“But let me leave you with an additional thought. The next time you are confronted with someone in your neighborhood whose appearance or behavior is offensive to you, remember that person has a mother, and it might be me. So thank you in advance for not judging and for remembering that this child of mine is also a child of God.”

I think my comments were a synthesis of my struggles for many years in going back and forth between verses 31 and 32 of 3 Nephi 18. That balancing act pretty much sums up my life.

I used to think my faith alone would be sufficient to bring my children back. I wanted to be like Alma the elder; because of his prayers, an angel appeared and changed his son’s life in a dramatic, miraculous way (see Mosiah 27:10–16). I thought that if I could just exercise enough faith, I could call down a miracle from heaven on behalf of my ex-husband and, later, my children. But to now, it has not been so.

Three Lessons

My heart was broken by the decisions of my children, and in a very real sense my life fell apart. But I want to share three lessons I learned as a result. Perhaps the best way to elaborate on these lessons is in the context of the fourth article of faith, which identifies the first principle of the gospel as “faith in the Lord Jesus Christ.” I discovered that faith and faith in the Lord Jesus Christ mean different things to me. I used to think of faith as the power to accomplish anything—to move mountains, walk on water, and certainly to bring my children back to the fold. But faith, no matter how powerful, will not take away agency. When I face my disappointments, however, faith in the Lord Jesus Christ allows me to acknowledge His mercy and longsuffering as those gifts relate to both my children and myself.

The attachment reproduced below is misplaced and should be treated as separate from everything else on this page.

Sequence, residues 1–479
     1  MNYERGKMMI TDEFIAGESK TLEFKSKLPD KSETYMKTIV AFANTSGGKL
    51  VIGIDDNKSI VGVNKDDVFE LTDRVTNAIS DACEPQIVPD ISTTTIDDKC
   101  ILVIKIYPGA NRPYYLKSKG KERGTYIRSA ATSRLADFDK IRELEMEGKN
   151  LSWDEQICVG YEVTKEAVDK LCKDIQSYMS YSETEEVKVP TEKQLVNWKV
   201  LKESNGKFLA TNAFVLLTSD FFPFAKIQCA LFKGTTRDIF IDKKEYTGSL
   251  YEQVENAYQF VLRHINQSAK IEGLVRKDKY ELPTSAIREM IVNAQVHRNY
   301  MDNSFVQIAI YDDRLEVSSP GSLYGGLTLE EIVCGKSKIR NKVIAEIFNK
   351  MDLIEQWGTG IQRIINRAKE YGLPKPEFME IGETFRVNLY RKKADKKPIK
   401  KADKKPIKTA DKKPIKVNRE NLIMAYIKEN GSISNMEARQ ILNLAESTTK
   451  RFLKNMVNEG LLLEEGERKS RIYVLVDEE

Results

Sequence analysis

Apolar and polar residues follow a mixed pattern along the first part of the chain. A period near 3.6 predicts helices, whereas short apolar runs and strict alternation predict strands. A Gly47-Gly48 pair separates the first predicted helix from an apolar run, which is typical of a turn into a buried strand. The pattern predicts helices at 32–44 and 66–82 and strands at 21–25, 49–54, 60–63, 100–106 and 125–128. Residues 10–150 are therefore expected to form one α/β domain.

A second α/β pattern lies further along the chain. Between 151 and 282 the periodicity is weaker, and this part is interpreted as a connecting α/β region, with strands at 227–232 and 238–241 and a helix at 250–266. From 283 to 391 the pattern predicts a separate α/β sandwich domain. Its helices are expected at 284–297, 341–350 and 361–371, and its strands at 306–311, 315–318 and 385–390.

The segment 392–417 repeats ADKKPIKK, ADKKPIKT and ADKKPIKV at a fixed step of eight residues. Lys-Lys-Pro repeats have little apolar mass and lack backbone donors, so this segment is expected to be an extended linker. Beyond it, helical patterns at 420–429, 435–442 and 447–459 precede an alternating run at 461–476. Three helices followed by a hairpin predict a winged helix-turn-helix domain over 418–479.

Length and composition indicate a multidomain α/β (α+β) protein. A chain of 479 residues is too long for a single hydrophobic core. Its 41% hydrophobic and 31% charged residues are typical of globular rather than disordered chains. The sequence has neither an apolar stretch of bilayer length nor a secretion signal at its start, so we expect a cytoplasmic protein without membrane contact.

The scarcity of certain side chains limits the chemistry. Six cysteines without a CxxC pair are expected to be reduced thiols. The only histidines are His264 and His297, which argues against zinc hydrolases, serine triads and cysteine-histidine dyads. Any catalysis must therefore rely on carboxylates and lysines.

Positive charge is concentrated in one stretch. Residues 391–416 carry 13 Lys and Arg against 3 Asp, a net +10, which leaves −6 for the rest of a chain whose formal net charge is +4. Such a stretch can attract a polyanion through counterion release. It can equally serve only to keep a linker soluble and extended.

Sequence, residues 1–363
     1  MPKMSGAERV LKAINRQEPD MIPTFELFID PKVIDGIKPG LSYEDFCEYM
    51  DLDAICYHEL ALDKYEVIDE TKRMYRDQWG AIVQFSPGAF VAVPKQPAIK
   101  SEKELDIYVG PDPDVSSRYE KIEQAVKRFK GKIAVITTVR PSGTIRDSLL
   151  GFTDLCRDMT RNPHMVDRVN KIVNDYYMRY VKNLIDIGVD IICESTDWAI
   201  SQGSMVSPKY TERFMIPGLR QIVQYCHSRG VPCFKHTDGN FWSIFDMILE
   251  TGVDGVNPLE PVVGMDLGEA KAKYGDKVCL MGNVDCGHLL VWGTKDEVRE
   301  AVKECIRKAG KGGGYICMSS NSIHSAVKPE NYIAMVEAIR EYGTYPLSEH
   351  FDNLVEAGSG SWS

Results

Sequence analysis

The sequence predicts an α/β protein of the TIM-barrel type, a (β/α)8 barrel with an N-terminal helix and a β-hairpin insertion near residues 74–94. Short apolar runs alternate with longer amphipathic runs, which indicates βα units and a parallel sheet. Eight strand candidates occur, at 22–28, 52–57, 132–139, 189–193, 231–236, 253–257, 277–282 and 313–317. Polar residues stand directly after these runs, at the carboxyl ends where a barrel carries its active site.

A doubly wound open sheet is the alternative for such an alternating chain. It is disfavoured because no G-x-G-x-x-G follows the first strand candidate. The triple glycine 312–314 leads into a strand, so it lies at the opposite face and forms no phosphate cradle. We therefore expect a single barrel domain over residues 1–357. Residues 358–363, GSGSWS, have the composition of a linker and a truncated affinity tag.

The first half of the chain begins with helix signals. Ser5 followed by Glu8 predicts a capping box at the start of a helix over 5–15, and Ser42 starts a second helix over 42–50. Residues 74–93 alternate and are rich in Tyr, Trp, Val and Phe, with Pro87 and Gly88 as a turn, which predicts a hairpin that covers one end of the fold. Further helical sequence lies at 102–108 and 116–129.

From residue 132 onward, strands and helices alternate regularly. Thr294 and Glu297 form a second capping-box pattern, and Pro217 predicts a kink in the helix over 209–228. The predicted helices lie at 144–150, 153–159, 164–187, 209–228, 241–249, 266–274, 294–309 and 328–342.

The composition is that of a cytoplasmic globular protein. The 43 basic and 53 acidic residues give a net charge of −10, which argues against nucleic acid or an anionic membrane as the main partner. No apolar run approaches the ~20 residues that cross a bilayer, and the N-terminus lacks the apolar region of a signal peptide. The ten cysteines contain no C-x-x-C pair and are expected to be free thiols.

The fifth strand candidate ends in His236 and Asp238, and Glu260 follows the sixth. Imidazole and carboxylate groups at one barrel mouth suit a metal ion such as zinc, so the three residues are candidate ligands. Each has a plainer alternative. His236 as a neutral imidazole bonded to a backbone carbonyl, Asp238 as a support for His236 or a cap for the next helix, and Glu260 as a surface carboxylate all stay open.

Lesson number one was the realization that I cannot change others; I can only change myself. As I have matured in facing the lifelong challenge with independent children, I find that my prayers are different than they used to be. I used to try to exercise faith by saying, “Heavenly Father, please help my children to change. Help them to become aware of the harmful effects of alcohol or sexual promiscuity, and help them to recognize the truths of the gospel.” But now I am more likely to exercise faith in the Lord Jesus Christ by saying, “Heavenly Father, I know Thou lovest my children. Help me to feel about them the same way Thou dost. Help me to love them better. Help me to understand Thy plan as it applies to them. And help me to be patient.”